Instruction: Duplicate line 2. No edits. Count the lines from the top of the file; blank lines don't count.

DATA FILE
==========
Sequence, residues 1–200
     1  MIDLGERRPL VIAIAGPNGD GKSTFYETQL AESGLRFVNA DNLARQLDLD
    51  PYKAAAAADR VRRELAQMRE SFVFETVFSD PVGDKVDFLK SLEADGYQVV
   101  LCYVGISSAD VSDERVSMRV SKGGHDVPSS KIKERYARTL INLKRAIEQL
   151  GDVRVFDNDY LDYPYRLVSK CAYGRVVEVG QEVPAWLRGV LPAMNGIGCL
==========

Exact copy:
     1  MIDLGERRPL VIAIAGPNGD GKSTFYETQL AESGLRFVNA DNLARQLDLD